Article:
What Is Gross Income and How Is It Calculated?

Key Takeaways

Understanding your finances starts with grasping some basic concepts, and one of the foundational pieces of that puzzle is knowing what gross income is.

Whether you’re filling out a loan application, doing your taxes, or planning a budget, your gross income plays a crucial role. We’ll demystify gross income, explain how it’s calculated, and answer some common questions related to it.

Understanding gross income

Gross income is the total amount you earn in a given period before any deductions or taxes are taken out. It includes wages, salaries, bonuses, and other income sources like rental income, dividends, and interest.

  • For individuals, it’s a starting point to determine taxable income after subtracting deductions and exemptions.
  • For couples filing jointly, gross income combines both partners’ earnings, bonuses, and any additional income sources before deductions or taxes, serving as the foundation for calculating their combined taxable income.
  • For businesses, gross income, often referred to as gross profit, is revenue minus the cost of goods sold (COGS).

How to calculate gross income

For individuals

Calculating your gross income is straightforward if you have a regular salary. It’s your annual salary before taxes. If you’re paid hourly, multiply your hourly rate by the number of hours you work in a year. Don’t forget to include any overtime, bonuses, and additional income sources.


  • Hourly Wage: If you make $25 an hour and work 40 hours a week, your weekly gross income is $1,000 ($25 x 40). Annually, assuming you work 52 weeks, your gross income would be $52,000 ($1,000 x 52).

For couples filing jointly

When couples file taxes together, add all earnings: salaries, hourly wages (annually calculated), bonuses, and other incomes like dividends.


  • Partner A: $60,000 annual salary.
  • Partner B: $52,000 from a $25/hour wage at 40 hours/week.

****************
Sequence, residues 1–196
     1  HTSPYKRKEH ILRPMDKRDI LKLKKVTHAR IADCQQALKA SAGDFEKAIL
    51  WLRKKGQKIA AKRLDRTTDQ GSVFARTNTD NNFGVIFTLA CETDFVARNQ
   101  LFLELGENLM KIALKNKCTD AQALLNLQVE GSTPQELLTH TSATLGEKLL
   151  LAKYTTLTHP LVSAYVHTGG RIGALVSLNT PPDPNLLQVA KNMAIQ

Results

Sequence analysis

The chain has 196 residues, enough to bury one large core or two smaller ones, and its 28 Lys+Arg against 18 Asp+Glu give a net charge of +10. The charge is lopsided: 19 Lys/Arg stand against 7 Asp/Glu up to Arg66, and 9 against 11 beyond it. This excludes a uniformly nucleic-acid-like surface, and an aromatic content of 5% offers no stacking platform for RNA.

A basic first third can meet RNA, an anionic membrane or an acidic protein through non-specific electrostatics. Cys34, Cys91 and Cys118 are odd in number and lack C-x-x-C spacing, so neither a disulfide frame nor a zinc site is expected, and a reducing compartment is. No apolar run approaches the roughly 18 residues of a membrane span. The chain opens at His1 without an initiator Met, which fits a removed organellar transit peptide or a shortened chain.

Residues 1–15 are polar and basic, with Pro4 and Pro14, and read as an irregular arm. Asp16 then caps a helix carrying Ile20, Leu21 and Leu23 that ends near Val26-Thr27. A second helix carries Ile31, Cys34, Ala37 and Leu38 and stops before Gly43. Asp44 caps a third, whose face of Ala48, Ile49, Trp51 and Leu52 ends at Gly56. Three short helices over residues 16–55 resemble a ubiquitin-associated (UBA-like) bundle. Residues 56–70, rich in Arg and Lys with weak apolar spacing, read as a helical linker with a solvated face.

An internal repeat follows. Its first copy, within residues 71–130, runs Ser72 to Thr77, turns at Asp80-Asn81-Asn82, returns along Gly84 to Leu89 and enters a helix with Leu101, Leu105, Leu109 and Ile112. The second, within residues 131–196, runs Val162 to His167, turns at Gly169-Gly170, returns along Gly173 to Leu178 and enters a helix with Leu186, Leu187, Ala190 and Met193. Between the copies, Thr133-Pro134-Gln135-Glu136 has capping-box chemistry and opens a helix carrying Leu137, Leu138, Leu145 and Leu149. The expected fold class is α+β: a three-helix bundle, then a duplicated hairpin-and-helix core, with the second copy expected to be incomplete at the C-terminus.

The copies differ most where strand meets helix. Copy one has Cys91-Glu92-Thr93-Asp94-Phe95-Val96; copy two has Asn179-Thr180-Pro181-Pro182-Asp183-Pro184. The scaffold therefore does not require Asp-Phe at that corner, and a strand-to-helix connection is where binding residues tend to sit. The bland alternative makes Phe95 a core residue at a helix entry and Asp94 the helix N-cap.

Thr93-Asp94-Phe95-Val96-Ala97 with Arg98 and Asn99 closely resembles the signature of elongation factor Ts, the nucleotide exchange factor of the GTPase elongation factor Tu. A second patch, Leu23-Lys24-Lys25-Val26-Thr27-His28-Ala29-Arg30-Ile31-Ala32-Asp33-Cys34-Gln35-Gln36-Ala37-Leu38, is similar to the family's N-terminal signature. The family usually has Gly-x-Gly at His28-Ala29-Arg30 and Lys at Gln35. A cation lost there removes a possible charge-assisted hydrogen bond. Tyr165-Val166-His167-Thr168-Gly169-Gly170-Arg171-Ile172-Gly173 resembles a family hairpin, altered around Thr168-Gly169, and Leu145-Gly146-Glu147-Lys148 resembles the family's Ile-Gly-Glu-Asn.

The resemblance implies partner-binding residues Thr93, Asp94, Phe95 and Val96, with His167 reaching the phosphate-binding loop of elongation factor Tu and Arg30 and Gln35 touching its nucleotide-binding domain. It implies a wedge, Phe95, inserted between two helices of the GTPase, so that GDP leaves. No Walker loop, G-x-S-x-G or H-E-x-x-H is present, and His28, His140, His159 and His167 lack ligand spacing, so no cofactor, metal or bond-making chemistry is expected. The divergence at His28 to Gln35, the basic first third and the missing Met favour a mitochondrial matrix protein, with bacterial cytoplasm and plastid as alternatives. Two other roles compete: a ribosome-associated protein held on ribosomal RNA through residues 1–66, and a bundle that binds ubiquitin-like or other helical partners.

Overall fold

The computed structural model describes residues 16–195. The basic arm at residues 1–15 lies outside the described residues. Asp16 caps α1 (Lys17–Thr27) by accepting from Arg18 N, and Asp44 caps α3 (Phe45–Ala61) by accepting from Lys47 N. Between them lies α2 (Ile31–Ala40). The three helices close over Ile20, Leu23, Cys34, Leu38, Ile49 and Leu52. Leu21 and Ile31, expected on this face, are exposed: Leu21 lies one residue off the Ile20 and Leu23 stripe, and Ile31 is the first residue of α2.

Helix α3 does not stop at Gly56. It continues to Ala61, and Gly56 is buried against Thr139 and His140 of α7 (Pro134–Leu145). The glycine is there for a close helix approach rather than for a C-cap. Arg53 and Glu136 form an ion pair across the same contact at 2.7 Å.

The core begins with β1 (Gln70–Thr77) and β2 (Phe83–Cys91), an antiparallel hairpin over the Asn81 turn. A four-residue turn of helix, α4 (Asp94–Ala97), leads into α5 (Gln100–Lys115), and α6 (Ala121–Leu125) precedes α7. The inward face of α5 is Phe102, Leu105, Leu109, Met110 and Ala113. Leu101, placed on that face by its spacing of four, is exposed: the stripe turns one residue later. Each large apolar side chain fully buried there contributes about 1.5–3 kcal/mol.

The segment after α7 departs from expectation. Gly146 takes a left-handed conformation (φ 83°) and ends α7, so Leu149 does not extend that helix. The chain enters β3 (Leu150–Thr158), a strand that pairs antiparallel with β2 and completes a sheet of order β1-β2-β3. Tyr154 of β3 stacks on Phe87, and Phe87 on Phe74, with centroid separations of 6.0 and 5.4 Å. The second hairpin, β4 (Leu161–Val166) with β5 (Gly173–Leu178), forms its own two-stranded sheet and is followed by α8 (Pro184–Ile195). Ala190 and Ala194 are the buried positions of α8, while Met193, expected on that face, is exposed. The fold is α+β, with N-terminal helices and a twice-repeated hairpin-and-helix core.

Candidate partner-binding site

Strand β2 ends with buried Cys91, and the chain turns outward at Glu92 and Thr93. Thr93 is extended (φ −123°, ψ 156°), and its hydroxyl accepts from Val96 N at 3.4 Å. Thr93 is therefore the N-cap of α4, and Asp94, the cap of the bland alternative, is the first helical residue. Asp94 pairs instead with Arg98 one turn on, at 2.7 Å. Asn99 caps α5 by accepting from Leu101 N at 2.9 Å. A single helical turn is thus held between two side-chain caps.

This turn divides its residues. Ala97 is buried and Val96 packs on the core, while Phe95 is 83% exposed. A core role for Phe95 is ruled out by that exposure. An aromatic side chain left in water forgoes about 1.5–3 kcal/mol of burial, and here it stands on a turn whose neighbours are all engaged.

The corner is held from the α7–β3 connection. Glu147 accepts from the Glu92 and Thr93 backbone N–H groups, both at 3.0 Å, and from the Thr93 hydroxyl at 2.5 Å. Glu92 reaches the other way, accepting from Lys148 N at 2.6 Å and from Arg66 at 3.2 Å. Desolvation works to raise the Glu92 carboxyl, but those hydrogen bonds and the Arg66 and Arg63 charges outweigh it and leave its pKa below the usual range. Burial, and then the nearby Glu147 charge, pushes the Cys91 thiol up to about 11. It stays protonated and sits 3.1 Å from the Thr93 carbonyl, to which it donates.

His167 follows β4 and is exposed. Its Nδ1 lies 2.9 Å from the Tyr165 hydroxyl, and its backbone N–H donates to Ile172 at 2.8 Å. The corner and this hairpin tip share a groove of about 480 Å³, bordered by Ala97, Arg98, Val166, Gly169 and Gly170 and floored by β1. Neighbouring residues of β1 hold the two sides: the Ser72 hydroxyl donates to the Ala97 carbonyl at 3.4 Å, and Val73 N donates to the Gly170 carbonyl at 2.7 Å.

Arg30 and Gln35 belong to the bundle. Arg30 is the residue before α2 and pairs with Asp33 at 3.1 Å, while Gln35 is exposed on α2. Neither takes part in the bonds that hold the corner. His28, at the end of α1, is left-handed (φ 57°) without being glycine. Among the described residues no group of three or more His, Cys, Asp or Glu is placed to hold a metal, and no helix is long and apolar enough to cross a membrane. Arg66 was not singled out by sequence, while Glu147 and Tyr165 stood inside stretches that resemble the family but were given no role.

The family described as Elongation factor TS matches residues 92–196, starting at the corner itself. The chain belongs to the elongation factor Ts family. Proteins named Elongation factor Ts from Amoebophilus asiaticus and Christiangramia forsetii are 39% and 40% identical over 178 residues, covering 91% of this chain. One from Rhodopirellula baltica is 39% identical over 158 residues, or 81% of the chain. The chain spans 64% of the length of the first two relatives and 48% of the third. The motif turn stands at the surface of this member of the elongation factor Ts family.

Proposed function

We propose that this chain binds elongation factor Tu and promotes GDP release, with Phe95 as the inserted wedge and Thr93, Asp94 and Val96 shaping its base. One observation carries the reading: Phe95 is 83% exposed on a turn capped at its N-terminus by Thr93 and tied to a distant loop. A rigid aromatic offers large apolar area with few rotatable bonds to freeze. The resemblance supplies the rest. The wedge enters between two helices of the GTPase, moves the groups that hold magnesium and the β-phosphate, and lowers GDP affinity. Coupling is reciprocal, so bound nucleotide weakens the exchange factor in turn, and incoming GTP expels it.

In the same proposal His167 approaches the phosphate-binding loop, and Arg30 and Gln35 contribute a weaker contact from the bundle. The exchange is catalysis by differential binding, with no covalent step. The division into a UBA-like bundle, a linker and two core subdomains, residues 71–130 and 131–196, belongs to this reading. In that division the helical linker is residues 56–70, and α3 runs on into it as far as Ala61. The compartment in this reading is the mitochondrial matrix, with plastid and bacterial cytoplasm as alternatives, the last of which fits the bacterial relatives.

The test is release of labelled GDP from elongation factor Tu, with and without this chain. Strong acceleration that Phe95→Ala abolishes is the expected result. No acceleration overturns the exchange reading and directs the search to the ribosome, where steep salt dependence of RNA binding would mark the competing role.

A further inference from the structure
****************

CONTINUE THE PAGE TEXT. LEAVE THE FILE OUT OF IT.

• Additional Income: Increased to $10,000 from dividends and rental.
  • Total Combined Gross Income: $122,000


For businesses

Businesses calculate gross income differently. It’s the revenue from all sources minus the COGS. COGS includes direct costs related to producing the goods or services sold by the company.


  • Revenue: $500,000
  • COGS: $300,000
  • Gross Income: $200,000 ($500,000 – $300,000)

    Common questions about gross income

    What’s the difference between gross income and net income?

    The primary difference is that net income is what remains after all deductions, including taxes, benefits, and other payroll deductions, are subtracted from your gross income. For businesses, net income also subtracts expenses like operating costs, interest, and taxes from gross income.

    Is overtime included in gross income?

    Yes, overtime pay is part of your gross income since it’s compensation for the work you’ve done.

    How does gross income affect taxes?

    For individuals, gross income is the starting point for determining how much of your income is taxable after deductions and exemptions. The higher your gross income, the higher your potential tax liability could be, depending on the deductions and credits you qualify for.

    Can gross income include non-employment income?

    Absolutely. Gross income can include other sources like rental property income, investment dividends, interest earned on savings accounts, and any other income received during the year.

    Tips for Managing Your Gross Income

    • Understand your pay stub: Regularly review your pay stub to understand how much of your gross income goes to taxes, retirement savings, and other deductions.
    • Plan for taxes: Knowing your gross income can help you estimate your tax liability and plan for potential refunds or payments.
    • Budget wisely: Use your gross income as a benchmark for creating a budget that covers your needs, wants, and savings goals.


    Gross income is a fundamental financial concept that affects everything from your tax bill to your eligibility for loans and benefits. By understanding how it’s calculated and what it includes, you can better manage your finances and plan for the future.

    Remember, while gross income gives you a snapshot of your earning potential, it’s the management of your net income that will truly shape your financial health. Whether you’re an individual looking to maximize your earnings or a business aiming to improve profitability, a clear understanding of gross income is essential.

    StellarFi (StellarFinance, Inc.) and its affiliates do not provide financial, tax, legal, or accounting advice. This material has been prepared for informational purposes only, and is not intended to provide, and should not be relied on for, tax, legal, or accounting advice. You should consult your own financial, tax, legal, and accounting advisors before engaging in any transaction. StellarFi receives a referral fee from the partners mentioned in this article.